Looking past our worldly mess
When we look at all of the complications surrounding the arrival of the world’s greatest gift and miracle, there’s an opportunity to see the divine in the middle of our messy lives. It gives us the freedom to see that these are the conditions that our heavenly Father has no problem with stepping into to make the miraculous happen for us. We can disarm ourselves from this idea of a God in heaven, who only uses perfection and beauty to bring forth his gift through us. It doesn’t take a perfect picture; it takes a willing vessel submitted to the will of the Father.
As we hold space for Mary, Joseph, and Jesus not as these miraculous people but willing and obedient vessels that God chose to use, it invites us and our ordinary lives into miracle territory. As we challenge ourselves to see the complexities of this sacred story, we hope that you find freedom in embracing the impossibilities of your own life.
In fact, the situations in our lives that make us feel shame, disgrace, and too messy for a holy God to show himself in are actually the moments that he is more likely to appear when we surrender to him.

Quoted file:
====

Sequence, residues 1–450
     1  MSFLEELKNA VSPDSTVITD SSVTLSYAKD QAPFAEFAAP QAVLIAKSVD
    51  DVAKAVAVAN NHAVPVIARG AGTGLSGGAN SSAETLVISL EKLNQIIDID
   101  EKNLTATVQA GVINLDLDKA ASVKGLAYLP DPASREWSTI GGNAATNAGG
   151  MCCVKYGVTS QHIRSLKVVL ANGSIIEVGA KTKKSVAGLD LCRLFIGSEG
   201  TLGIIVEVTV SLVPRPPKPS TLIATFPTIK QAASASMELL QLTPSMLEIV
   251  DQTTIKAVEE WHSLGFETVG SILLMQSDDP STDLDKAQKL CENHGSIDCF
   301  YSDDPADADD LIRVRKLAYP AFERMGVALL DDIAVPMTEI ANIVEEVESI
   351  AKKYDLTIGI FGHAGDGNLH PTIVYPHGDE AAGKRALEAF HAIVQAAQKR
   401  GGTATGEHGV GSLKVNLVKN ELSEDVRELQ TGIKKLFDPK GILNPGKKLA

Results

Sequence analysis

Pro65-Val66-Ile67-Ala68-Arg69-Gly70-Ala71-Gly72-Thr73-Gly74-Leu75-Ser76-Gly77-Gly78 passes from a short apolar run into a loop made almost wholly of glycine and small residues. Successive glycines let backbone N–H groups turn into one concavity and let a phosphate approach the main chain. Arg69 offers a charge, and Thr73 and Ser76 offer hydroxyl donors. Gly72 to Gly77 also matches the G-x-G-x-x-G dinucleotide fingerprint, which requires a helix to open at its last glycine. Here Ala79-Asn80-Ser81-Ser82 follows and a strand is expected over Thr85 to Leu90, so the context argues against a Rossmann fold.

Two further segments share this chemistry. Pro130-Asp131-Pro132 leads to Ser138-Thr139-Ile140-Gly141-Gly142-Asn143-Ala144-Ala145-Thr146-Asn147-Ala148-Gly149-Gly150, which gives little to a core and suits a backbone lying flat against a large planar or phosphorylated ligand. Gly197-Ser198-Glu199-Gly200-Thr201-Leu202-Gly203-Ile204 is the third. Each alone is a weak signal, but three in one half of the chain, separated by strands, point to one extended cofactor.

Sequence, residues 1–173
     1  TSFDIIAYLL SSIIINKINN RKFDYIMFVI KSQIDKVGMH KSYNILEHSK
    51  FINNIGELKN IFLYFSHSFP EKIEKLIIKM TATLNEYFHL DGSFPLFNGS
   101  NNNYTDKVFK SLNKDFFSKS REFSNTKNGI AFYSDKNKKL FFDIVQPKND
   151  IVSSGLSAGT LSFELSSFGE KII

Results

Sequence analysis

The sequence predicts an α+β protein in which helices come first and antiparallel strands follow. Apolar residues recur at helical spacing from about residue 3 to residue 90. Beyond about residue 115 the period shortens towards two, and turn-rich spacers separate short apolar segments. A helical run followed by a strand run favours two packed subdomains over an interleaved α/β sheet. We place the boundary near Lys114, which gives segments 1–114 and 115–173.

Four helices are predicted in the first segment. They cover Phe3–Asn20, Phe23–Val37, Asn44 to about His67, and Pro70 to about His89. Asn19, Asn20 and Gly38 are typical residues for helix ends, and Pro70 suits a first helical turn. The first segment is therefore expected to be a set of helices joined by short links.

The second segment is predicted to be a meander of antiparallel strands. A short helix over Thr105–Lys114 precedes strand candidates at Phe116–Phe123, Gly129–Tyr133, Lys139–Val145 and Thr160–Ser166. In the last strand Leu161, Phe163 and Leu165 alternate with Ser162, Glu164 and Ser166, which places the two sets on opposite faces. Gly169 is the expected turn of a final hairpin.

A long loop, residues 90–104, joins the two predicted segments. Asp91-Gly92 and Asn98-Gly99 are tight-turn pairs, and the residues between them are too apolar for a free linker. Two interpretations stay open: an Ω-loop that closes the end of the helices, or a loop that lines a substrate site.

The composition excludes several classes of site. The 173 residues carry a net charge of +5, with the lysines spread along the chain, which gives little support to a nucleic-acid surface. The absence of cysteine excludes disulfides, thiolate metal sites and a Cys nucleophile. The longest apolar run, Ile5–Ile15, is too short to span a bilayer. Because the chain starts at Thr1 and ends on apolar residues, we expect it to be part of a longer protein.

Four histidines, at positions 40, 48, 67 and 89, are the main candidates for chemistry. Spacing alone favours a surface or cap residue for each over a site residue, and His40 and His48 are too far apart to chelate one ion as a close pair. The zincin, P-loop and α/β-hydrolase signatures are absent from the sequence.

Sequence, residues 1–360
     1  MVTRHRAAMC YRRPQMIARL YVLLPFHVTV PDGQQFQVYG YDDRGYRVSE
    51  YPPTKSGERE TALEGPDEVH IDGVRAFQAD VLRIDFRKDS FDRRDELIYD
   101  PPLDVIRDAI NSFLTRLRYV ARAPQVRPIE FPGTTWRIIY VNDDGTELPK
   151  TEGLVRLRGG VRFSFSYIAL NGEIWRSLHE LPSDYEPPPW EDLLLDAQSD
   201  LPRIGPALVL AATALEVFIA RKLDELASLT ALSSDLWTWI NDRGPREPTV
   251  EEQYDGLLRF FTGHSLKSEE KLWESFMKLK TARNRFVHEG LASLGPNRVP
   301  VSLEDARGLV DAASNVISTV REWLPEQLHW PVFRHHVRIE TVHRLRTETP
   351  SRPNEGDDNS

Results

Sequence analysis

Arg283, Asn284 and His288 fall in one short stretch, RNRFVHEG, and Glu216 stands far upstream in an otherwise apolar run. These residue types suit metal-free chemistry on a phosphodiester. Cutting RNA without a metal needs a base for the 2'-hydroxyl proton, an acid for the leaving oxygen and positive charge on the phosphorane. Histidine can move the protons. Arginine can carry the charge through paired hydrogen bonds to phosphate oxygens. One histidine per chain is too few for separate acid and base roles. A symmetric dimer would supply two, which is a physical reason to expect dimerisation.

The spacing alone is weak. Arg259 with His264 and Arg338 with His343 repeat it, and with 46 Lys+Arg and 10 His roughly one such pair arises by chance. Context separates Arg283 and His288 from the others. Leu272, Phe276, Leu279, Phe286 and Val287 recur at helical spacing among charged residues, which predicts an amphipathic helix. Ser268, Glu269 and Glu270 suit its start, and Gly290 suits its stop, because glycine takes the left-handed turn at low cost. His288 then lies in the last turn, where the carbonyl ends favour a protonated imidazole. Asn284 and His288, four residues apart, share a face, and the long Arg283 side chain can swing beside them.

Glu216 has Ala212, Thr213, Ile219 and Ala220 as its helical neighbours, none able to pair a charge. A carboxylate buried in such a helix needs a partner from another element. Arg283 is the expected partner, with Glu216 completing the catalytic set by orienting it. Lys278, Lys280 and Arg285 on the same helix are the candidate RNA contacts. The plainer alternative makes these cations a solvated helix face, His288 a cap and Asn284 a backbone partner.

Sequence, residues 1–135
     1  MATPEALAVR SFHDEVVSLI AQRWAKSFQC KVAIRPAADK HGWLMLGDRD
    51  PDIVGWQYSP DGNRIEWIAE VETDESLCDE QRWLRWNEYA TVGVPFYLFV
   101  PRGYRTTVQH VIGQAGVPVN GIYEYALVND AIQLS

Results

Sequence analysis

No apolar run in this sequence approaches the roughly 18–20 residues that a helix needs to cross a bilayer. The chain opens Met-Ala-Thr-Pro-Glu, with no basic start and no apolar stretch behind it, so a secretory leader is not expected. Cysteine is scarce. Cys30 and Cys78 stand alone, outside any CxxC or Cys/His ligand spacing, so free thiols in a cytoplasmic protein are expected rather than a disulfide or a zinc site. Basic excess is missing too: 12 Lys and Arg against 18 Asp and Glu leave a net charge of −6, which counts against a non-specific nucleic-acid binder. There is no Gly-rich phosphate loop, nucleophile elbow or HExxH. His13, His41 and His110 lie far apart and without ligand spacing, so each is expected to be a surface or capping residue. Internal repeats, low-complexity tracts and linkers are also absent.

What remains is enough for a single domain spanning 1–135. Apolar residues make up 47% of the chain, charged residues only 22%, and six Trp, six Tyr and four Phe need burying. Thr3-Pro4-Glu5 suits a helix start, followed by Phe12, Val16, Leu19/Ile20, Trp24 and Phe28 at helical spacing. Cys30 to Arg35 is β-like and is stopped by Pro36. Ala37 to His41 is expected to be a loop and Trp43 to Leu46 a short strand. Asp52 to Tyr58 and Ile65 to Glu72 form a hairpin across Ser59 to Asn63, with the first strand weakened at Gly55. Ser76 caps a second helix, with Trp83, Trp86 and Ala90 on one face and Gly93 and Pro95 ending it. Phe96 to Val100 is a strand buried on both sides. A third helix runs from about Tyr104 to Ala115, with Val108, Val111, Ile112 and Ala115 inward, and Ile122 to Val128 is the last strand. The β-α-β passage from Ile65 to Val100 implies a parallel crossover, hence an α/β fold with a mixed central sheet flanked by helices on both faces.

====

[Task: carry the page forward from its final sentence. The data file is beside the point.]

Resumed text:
When we sober up and look at the reality of this story, we should begin to see that the perfect scenario for the miraculous to happen is actually more attainable than we sometimes realize. This lens gives us access to the humanity of the people in the Bible and even permits us the freedom to embrace our own life stories.
He was fully man, just like you and me.
As we pause this Christmas, we hope you will begin to see the challenging circumstances you face as opportunities for the miraculous to happen.
EMbrace the miracles and sacred moments
Our volunteers at the Dream Center, who find themselves serving under circumstances that aren’t always easy or glamorous to the natural eye, we say thank you for your willingness to create an atmosphere of miracles for others.
As we walk through the hallways of the Dream Center campus this Christmas and see the courageous men, women, and families walking through the messy, painful process of recovery and restoration, we choose to breathe in the holy yet messy resemblance to the birth of our Savior.
We embrace that holiness isn’t always halos, sacred gifts, and perfect scenarios that only work in paintings or movies. Holy moments, sacred moments, are also full of sweat, pain, tears, and uncomfortable circumstances.
“For we do not have a high priest who is unable to sympathize with our weaknesses, but one who in every respect has been tempted as we are, yet without sin.“
HEBREWS 4:15 ESV
We are so thankful and in awe of a Savior who put on flesh and understands our humanity’s pain and complexities, yet he overcame it all.
This Christmas season, we hold space for Jesus in his humanity. We choose to be intentional in our pursuit of recognizing the holiness in our pain and suffering as we press on to look more like Him each day.